35 © 2011 Rockwell Publishing Joint Tenancy Termination Like tenancy in common, joint tenancy can be terminated through partition suit. Also, joint tenancy terminates automatically if any of the four unities is destroyed. If one joint tenant conveys interest, purchaser is tenant in common. But other co-tenants remain joint tenants in respect to each other.

36 © 2011 Rockwell Publishing Forms of Co-ownership Community property In Washington and certain other states, property owned jointly and equally by husband and wife is community property.

37 © 2011 Rockwell Publishing Community Property Basic rules In community property states: Everything owned by married couple that isnt separate property of one spouse is community property of both spouses. Legal presumption that all property acquired during marriage is community property.

38 © 2011 Rockwell Publishing Community Property Definitions Separate property: property owned before marriage gift or inheritance acquired during marriage anything purchased with separate property funds profits or proceeds from separate property

39 © 2011 Rockwell Publishing Community Property Definitions Community property: All property (including money) acquired during marriage: through skill or labor, or using community funds or community credit.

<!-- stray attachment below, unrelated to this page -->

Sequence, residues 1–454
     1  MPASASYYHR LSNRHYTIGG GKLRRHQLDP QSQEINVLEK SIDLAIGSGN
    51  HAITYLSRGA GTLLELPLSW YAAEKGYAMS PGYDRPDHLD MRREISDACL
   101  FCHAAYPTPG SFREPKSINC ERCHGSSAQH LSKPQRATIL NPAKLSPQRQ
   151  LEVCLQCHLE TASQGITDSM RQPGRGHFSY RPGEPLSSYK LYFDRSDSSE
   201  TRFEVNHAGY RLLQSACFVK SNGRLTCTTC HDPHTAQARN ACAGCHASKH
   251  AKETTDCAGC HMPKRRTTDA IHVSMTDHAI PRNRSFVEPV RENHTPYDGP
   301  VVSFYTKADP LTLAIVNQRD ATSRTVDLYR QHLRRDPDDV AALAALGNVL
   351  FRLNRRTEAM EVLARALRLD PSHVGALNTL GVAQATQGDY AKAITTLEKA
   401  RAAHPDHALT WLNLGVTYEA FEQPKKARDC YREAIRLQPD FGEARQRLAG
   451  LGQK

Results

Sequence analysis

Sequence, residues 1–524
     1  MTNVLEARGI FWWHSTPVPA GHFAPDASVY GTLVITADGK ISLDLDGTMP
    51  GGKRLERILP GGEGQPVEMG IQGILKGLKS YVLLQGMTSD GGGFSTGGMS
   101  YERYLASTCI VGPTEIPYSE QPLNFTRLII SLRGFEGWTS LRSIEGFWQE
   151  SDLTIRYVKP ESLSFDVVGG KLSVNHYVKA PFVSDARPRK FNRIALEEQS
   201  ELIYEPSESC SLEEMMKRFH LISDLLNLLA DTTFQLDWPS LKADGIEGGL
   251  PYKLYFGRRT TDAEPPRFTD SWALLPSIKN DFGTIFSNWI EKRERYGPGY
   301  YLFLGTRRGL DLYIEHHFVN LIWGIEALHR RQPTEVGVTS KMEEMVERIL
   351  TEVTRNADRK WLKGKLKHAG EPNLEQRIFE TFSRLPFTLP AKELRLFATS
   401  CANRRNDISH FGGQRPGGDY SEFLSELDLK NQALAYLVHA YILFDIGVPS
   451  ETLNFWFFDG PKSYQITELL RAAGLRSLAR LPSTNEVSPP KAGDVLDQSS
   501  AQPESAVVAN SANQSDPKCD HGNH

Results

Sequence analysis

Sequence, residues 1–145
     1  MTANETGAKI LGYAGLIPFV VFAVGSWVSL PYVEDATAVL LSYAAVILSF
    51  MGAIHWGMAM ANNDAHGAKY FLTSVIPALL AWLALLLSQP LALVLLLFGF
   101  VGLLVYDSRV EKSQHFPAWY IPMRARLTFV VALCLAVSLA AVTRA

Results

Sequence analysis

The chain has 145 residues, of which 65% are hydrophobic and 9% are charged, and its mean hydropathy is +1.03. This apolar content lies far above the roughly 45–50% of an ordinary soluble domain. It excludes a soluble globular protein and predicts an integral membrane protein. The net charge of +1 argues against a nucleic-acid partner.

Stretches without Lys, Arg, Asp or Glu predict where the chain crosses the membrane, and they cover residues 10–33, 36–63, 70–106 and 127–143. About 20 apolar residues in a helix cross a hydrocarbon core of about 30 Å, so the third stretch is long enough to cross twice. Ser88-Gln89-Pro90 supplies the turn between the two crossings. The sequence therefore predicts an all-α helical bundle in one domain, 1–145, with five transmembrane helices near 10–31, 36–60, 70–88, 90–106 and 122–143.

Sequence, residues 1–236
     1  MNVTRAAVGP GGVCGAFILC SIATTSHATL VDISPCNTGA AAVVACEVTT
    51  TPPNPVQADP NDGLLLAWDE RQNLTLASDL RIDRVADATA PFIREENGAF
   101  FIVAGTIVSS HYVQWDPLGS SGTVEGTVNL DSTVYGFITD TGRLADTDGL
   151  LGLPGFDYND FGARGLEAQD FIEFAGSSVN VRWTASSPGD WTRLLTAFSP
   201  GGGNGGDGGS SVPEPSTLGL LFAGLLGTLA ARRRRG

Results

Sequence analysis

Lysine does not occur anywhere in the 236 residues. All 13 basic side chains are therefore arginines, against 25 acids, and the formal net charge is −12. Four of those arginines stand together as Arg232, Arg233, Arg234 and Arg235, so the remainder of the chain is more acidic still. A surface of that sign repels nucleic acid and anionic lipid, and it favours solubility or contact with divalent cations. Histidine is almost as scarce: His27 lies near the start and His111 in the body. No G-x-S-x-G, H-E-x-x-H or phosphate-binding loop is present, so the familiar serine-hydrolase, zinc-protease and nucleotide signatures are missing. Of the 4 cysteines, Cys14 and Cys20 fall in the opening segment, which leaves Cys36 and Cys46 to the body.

40 © 2011 Rockwell Publishing Community Property Joinder requirement Signatures of both spouses necessary to: list, sell, or encumber community real property purchase property that will be community real property (By contrast, spousal approval usually not required for transfer of community personal property.)

41 © 2011 Rockwell Publishing Forms of Co-ownership Marital property in other states In non-community property states, property ownership by a married couple may be: no different than co-ownership by unmarried parties, tenancy by the entireties, or some other form of marital property.

42 © 2011 Rockwell Publishing Summary Co-ownership Ownership in severalty Co-ownership Undivided interests Tenancy in common Joint tenancy Four unities Right of survivorship Community property Separate property

43 © 2011 Rockwell Publishing Methods of Holding Title Business organizations How a business is organized affects how title to property is held. Syndicate: Group of individuals who pool resources to form a business enterprise.

44 © 2011 Rockwell Publishing Business may be organized as: general partnership limited partnership corporation limited liability company joint venture real estate investment trust Business Organizations Forms of organization

45 © 2011 Rockwell Publishing Business Organizations Partnerships Partnership: Association of two or more persons to conduct a business as co-owners and divide profits. Types of partnerships: general partnership limited partnership

46 © 2011 Rockwell Publishing Partnerships General partnerships In a general partnership, each partner has: ownership interest voice in management decisions right to share in profits obligation to share in losses and liabilities